A Comparative Study of the Trends of Imported Dengue Cases in Korea and Japan 2011 - 2015

Shinichiro Miki, Won-Chang Lee, Myeong-Jin Lee


Background: Dengue is a mosquito-borne febrile disease that represents a major public health problem in tropical and subtropical areas. Even though Korea and Japan are not the regions where dengue is epidemic, there have been many imported cases in both countries, and in increasing numbers. A better understanding of the characteristics of the prevalence of dengue and the recent trends in these neighboring countries may provide information to promote improvement and control strategies for both. The present study investigated the epidemiological status of imported dengue cases in Korea and Japan between 2011 and 2015, and compared their characteristics.

Methods: We analyzed the annual transition of prevalence, geographic origin of dengue infection, and seasonal distribution of occurrence. The raw data on dengue cases in Korea were obtained from the Korea Center for Disease Control and Prevention infectious diseases surveillance website and Korean Statistical Information Service website. Data on dengue cases in Japan were obtained from the National Institute of Infectious Diseases, Japans Infectious Disease Surveillance Center website.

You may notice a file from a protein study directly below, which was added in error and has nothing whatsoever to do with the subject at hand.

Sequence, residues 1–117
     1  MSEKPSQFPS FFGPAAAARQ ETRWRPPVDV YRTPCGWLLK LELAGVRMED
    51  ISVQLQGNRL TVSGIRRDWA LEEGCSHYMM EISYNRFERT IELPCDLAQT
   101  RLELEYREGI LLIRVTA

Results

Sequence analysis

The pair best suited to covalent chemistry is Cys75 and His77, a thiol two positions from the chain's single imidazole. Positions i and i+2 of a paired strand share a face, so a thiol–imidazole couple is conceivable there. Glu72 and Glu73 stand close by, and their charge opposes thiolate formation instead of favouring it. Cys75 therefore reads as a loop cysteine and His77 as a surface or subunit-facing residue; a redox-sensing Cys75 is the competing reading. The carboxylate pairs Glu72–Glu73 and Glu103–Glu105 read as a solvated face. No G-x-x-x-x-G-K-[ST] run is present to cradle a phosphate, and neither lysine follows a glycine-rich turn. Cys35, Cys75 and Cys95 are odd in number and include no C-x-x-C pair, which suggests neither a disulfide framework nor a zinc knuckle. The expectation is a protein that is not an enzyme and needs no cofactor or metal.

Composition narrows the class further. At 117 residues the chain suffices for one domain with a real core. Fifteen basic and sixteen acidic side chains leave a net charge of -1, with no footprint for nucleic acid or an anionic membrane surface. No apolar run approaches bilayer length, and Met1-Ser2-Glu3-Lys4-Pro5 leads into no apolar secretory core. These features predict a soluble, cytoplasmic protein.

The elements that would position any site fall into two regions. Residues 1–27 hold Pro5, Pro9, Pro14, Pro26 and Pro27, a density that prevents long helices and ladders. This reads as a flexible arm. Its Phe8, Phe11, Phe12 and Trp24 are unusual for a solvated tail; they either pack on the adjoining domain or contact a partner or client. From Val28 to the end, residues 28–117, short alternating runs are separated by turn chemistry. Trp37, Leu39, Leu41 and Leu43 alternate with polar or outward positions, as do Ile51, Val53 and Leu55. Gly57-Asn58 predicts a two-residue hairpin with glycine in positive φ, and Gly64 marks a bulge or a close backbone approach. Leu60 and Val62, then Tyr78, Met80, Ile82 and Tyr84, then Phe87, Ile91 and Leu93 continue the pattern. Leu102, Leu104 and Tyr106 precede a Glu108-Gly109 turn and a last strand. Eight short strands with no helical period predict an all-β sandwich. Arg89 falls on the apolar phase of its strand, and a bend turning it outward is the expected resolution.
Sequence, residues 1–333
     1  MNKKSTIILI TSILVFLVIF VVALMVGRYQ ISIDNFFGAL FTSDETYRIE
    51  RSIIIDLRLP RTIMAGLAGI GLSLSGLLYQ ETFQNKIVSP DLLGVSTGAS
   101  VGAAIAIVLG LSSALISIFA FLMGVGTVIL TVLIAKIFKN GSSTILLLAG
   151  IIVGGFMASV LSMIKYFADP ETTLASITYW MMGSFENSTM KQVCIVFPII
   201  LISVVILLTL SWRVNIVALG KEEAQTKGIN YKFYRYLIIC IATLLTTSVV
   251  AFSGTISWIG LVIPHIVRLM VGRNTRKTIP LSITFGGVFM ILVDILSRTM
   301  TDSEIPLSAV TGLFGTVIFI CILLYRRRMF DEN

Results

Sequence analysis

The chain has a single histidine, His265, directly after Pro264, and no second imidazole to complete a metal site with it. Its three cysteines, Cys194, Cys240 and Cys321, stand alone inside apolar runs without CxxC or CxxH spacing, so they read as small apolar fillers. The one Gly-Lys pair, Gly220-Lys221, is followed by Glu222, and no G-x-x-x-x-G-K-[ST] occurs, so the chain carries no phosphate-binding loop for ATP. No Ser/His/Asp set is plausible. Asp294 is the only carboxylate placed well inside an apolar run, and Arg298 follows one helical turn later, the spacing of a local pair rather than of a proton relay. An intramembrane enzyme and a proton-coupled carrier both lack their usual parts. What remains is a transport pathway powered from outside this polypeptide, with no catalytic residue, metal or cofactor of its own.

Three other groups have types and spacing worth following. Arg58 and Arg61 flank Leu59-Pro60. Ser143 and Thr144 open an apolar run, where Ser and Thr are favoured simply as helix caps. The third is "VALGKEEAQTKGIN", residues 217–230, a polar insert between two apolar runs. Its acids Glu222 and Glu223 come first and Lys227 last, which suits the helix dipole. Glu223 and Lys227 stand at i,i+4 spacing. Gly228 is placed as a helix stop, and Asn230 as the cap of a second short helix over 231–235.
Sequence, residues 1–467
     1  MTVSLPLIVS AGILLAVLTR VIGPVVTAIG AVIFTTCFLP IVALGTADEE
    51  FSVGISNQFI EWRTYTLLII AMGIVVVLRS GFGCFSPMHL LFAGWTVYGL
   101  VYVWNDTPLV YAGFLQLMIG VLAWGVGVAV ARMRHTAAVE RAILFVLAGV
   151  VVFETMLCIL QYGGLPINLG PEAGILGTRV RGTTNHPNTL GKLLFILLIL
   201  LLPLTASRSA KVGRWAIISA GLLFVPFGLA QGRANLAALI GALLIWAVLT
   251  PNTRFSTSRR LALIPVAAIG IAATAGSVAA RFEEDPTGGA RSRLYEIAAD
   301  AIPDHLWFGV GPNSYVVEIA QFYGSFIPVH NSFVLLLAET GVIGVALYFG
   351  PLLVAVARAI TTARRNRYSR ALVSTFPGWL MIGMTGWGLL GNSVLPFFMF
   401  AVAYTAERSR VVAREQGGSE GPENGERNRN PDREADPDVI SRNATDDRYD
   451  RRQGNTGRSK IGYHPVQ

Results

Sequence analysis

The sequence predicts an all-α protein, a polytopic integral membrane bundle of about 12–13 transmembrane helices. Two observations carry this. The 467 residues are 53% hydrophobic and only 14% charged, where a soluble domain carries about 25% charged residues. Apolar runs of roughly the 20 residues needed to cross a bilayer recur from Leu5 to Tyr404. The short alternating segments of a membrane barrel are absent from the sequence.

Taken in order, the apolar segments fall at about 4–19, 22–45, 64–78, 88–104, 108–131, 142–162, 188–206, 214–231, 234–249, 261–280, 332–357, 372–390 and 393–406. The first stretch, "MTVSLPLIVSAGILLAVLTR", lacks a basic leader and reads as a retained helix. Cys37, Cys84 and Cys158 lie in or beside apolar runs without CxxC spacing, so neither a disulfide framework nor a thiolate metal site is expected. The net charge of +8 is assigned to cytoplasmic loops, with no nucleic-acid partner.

Results: There were 893 reported cases in Korea and 1,054 in Japan between 2011 and 2015. Cumulative incidence per 100,000 overseas travelers from Japan did not substantially differ from that for Korea (1.22 vs. 1.16, respectively), despite Japans population being roughly 2.5 times larger. These results suggest Koreans engage in overseas travel more than Japanese. For Korea and Japan, Southeast Asia was the region accounting for the most cases of infection (89.4% vs. 75.4%, respectively). Notably, the Philippines and Indonesia were, respectively, the leading origin countries for Korean (38.1%) and Japanese (23.3%) cases. Seasonal distribution shows August and September were the months in which the largest number of cases occurred in Korea and Japan, respectively. These differences evidently derive from characteristics of travel destinations and timing of holidays.

Conclusion: Based on the recent increasing trend in imported dengue cases in both countries, a more rigorous information system that can effectively provide warning of dengue risk and means of prevention for travelers headed to at-risk areas is urgently needed in both countries.

J Clin Med Res. 2017;9(7):650-653
doi: https://doi.org/10.14740/jocmr3022w


Dengue; Imported; Overseas travel; Korea; Japan

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